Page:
Musically, if the orchestra was less than thrilling, vocal performances amply compensated for the thinness of the pit sound. All four principal singers were formidable in their roles, and the comprimarios were not far behind.

    Experienced Mr. Volpe was a secure Daland, and Ms. Moore had with him a very convincing daughter-father interaction, acting-wise, with some moments of realistic theater in the way she got impatient with him and tried to manipulate him with body language and interjections. Jay Hunter Morris sang his part with great beauty of tone and acted it in a rather unusually strong way - this Erik was no wimp, and felt actually threatening. When I praised his singing after the show, Jay jokingly dismissed it as an easy sing as compared to what he's been through lately (Siegfried and Ahab) - but easy or not, clearly our Jay masters this repertory quite well. Melody Moore was a passionate and fierce Senta in a rather physically active production (Ms. Zambello is a masterful director who is at ease with blocking and bold movements on stage), and she was clearly heard above the orchestra and in ensemble pieces. Adam Bielamowicz exhibited quite pleasant and powerful singing in his comprimario part.

    This brings us to the person who stole the show: young Mr. Ryan McKinny, who was extremely vocally impressive in the title role. The part is accessible to his youthful instrument without much concern for vocal damage, given that the Dutchman still features a Wagner who allows the singing to remain within lyric rather than highly dramatic parameters. Still, this is Wagner, even if early Wagner, but while caution is advisable, the young bass-baritone certainly did show potential to continue to evolve into this repertory.

    Another relative downside - but a confessedly minor one of the nitpicking kind - was the decision to interrupt the show to provide an intermission, while most Dutchman productions run continuously which enhances the total immersion. I do believe that this was inevitable, given that the community of opera lovers who frequent Glimmerglass is of a rather advanced average age, and the lack of a pause might be too taxing for them.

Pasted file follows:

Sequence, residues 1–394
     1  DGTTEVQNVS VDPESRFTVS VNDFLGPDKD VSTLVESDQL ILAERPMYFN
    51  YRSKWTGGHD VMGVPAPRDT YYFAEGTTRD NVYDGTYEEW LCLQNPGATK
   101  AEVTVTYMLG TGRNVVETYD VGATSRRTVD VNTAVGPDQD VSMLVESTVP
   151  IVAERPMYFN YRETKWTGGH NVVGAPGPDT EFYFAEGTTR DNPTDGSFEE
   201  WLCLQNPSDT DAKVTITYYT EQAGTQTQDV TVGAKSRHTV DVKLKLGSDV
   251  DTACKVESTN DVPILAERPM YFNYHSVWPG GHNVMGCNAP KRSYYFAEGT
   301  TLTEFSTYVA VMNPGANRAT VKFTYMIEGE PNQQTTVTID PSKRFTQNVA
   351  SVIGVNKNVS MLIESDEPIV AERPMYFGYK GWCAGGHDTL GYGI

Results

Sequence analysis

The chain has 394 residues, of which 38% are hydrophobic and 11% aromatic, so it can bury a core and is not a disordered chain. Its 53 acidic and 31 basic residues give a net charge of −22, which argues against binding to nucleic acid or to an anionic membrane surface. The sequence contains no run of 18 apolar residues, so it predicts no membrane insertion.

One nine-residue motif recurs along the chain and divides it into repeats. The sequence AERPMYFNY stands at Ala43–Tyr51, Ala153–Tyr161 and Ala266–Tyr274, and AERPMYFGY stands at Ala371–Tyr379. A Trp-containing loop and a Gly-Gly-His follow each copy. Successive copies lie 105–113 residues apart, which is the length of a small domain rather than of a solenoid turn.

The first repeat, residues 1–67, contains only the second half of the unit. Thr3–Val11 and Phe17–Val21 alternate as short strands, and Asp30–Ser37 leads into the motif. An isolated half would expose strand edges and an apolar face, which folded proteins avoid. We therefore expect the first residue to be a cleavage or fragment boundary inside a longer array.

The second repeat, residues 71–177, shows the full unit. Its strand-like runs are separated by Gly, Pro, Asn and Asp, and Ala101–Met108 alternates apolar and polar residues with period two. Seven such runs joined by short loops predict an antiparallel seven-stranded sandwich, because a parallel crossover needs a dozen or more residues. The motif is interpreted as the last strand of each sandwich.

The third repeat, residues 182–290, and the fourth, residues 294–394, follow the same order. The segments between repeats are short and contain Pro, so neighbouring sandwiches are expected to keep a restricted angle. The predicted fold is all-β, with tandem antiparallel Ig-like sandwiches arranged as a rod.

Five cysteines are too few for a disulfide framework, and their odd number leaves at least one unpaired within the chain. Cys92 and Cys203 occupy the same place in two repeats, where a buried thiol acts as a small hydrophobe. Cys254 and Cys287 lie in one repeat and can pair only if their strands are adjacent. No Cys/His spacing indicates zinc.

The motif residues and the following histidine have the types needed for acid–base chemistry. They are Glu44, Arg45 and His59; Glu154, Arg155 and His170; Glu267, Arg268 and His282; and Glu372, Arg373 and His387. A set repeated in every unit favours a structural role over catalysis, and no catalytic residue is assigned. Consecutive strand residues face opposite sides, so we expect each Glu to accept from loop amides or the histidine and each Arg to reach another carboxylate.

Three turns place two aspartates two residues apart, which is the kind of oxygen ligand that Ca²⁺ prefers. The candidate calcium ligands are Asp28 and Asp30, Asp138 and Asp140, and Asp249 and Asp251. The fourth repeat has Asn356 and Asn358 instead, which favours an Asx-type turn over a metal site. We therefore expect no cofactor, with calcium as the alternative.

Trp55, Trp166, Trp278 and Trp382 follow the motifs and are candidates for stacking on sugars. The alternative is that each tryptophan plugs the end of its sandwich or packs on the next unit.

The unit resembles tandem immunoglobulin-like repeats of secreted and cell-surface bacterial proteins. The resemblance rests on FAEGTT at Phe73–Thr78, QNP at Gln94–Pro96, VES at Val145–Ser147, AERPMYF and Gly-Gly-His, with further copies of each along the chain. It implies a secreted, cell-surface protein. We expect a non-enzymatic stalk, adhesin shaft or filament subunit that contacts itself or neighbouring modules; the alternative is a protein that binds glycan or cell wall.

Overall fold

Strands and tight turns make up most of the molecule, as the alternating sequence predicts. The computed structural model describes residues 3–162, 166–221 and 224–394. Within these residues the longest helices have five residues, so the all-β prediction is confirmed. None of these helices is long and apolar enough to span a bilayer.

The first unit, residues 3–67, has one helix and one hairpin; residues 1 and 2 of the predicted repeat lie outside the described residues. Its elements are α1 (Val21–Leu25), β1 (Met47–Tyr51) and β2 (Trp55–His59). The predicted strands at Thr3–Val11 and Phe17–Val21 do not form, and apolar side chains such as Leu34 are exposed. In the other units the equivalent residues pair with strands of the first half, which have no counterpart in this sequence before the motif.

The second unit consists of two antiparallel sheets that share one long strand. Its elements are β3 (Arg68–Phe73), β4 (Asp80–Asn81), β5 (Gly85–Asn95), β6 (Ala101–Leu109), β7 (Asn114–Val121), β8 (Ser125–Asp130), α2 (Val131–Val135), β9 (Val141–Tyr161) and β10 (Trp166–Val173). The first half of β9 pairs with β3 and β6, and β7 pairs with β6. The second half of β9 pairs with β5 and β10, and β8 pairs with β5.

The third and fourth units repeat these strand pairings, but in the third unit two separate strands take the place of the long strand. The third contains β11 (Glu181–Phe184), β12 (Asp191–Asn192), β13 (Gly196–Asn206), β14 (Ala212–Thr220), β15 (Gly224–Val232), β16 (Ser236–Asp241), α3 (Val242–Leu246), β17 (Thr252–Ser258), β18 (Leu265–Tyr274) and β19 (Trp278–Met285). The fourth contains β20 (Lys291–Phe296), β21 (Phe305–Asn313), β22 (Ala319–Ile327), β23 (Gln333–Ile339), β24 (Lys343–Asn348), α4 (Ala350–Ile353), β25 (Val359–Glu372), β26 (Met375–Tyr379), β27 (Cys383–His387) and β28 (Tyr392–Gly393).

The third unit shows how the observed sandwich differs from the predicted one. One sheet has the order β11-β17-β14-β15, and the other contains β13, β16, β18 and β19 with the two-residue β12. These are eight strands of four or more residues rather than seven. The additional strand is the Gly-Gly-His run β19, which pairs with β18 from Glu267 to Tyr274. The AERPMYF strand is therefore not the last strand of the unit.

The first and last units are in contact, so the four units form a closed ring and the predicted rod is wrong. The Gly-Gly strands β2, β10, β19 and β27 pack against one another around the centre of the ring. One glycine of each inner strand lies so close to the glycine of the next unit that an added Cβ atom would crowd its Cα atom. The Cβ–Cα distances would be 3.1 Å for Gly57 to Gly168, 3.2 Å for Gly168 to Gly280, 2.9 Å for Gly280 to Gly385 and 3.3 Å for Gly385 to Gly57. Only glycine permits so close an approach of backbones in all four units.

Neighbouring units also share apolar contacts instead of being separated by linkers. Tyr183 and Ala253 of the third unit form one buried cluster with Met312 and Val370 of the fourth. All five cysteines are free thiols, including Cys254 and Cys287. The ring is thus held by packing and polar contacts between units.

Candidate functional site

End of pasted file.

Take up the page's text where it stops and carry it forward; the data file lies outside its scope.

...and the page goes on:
In summary, I disagree with reviews that called this production "serviceable." In my opinion it was a lot better than that, and it is highly recommended, even though it doesn't reach our A+ rating exclusively due to the pit. Everything else being mostly excellent, I grant it an A- and consider it way worth the trip to Upstate New York.

    Dear readers, don't forget to check out Melodie Moore's interview mentioned above, and soon we'll also have the transcribed texts of Ms. Zambello's and Mr. McKinny's interviews. Meanwhile, let's enjoy some production pictures of this visually beautiful show, courtesy of the Glimmerglass Festival, with photo credit due to Jamie Kraus for the first two, and Karli Cadel for the others.

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    Ghosts, with the Dutchman on the right

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    Senta and the Dutchman

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    Volpe and Bielamowicz

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    Ropes at sea

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    Another use for the ropes - female conformism

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    Morris and Moore

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    The same, in a physical production

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    The excellent McKinny

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    McKinny and Moore

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    McKinny
    Last edited by Luiz Gazzola (Almaviva); August 17th, 2013 at 12:27 AM.
    "J'ai dit qu'il ne suffisait pas d'entendre la musique, mais qu'il fallait encore la voir" (Stravinsky)

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  3. #2
    Opera Lively Site Owner / Administrator / Chief Editor Top Contributor Member Luiz Gazzola (Almaviva)'s Avatar